The Next Phase In SPO Is Based On Value Creation

Michael Shaughnessy headshotThe Sell Sider” is a column written for the sell side of the digital media community.

Today’s column is written by Michael Shaughnessy, senior vice president of operations and partnerships at Kargo.

The economic downturn caused by COVID-19 has accelerated supply-path optimization (SPO) conversations and will force suppliers that don’t exceed buyer demands and expectations to shape up or shut down.

Transparent and brand-safe supply are table stakes. It will be up to selling partners to demonstrate incremental value that agencies and brands can’t get from anywhere else.

EMarketer predicts the economic decline will hurt smaller players while strengthening Facebook and Google. While this is to be expected at a macro level, buyers will actually start to notice competition from more obviously differentiated options, ranging from unique inventory to unique data and creative customer experiences.

The strain on the market has shone a spotlight on partners that can really differentiate and add value. 

The value equation

While commenting on ISBA’s recent report about wasted programmatic spending, Jay Friedman made the valid point that brands should focus on value creation and optimization, rather than purely cost-cutting. Once buyers have eliminated enough waste, that’s exactly what they will do.

For so long, we have all talked about the race to the bottom in programmatic. Well, we hit the bottom in Q2, and commoditized low-price inventory will no longer be the focus, nor will cost-cutting measures by buyers.

The next phase of review will illuminate the value of unique inventory, creative services and exclusivity in targeting and access points. Transparency will be the norm, because quality will be the focus. These pillars will give rise to differentiation within the seller landscape.

The real promise of supply-path optimization is in driving differentiated value from a portfolio of seller partners, with a higher focus on premium programmatic. One major emerging category is access to unique inventory through close technology and publisher partnerships, including major mergers that will really accelerate in the second half of 2020 and beyond.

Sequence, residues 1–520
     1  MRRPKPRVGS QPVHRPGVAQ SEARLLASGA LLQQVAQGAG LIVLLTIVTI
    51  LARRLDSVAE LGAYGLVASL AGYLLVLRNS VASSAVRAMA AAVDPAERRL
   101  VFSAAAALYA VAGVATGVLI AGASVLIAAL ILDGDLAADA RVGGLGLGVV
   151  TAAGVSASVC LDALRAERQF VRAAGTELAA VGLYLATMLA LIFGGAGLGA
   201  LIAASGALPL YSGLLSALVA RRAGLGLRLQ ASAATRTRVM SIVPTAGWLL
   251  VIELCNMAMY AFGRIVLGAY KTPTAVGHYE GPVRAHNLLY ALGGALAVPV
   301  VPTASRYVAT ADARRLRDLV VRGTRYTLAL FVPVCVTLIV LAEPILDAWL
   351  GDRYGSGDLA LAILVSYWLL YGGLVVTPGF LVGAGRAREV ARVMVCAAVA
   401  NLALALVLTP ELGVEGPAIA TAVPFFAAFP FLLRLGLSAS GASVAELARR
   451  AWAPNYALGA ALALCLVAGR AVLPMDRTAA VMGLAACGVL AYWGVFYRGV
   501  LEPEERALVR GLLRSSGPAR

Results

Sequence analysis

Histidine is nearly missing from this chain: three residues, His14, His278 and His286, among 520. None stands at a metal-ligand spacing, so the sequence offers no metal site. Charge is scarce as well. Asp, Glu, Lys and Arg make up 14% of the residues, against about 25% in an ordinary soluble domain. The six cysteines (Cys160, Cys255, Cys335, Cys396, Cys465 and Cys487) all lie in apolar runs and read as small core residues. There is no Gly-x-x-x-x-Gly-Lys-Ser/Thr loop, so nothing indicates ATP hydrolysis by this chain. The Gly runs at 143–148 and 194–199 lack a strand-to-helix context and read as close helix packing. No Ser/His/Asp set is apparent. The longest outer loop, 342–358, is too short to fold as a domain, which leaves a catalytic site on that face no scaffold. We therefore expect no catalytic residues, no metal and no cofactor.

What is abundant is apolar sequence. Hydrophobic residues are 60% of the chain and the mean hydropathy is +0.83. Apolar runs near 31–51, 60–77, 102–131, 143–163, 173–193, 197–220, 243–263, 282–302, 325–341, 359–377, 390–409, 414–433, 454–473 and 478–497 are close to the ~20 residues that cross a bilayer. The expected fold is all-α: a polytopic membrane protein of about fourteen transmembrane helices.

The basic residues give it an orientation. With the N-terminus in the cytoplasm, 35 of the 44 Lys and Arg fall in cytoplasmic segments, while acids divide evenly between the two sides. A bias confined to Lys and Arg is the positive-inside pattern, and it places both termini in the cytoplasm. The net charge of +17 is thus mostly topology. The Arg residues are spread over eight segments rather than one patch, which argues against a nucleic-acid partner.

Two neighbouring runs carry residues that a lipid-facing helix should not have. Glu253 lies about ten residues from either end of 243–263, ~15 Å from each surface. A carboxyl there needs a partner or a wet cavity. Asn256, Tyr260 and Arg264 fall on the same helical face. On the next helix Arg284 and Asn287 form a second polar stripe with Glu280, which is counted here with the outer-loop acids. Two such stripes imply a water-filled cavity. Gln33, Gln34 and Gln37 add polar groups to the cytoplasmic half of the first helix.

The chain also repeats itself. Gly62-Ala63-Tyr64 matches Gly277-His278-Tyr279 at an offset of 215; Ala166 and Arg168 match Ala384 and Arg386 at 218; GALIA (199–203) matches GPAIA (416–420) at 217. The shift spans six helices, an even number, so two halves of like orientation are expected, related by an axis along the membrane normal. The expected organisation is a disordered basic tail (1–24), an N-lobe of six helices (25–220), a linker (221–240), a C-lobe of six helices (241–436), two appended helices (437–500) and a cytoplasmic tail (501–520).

FreeWheel, with a specialization in video and unique access to inventory across the larger company portfolio (with NBC, for example) will be in high demand. Similarly, Roku has set up dataxu as OneView, joining Roku’s massive OTT viewer base with dataxu’s measurement and campaign delivery. And Xandr was recently folded into Warner to create a smoother process to better align its go-to-market. The Washington Post offers its own header-bidding wrapper, which competes with a standard SSP offering and is being used by other publishers.

As the viability of the cookie diminishes, companies with unique targeting capabilities will also become vital to brand buying strategies. Publishers that can provide access to valuable first-party publisher data will help fill in gaps for brands. The New York Times moved Wirecutter under the “nytimes.com” domain, which also expands its first-party cookie footprint. OpenX is working on OpenAudience, a form of people-based marketing in its own effort to differentiate.

The customer experience itself will also become more important to brands as they start to move TV budgets to OTT and think about buying programmatically for the most premium digital inventory of all. Pluto and Beachfront have both pushed hard at offering differentiated programmatic OTT, which becomes more important as so many people switched to streaming content during Q2.

And speaking of customer experience, exclusive ad slots and specialized contextual targeting from niche players such as AppLovin, which offers formats that fit into a mobile gaming UX, and Rhombus, which offers advertising around social embed, will prove to be a double threat with unique experiences and unique creative. Others, including Innovid and Criteo, are hoping to improve customer experience through dynamic creative optimization.

With the number of distressed companies available, it’s likely that more publisher-vendor or vendor-vendor matches will be made, which will lock up a wide variety of inventory and combine unique offerings into even more enticing differentiated products. It’s possible that the open exchange shrinks considerably due to a shift to these unique approaches to value-based buying.

Buyers will get the transparency and cost savings they’ve been asking for. Next, they’ll want elements such as exclusivity, priority buying and unique access points that get them placements that drive real engagement, not just savings.

Publishers are getting smarter about managing their own inventory and data. They’re what buyers ultimately want access to in any SPO conversation – the technology has to enhance, not hinder that element of the buying process. Publishers and vendors will continue to get closer as a result.

Follow Kargo (@kargo) and AdExchanger (@adexchanger) on Twitter.

 

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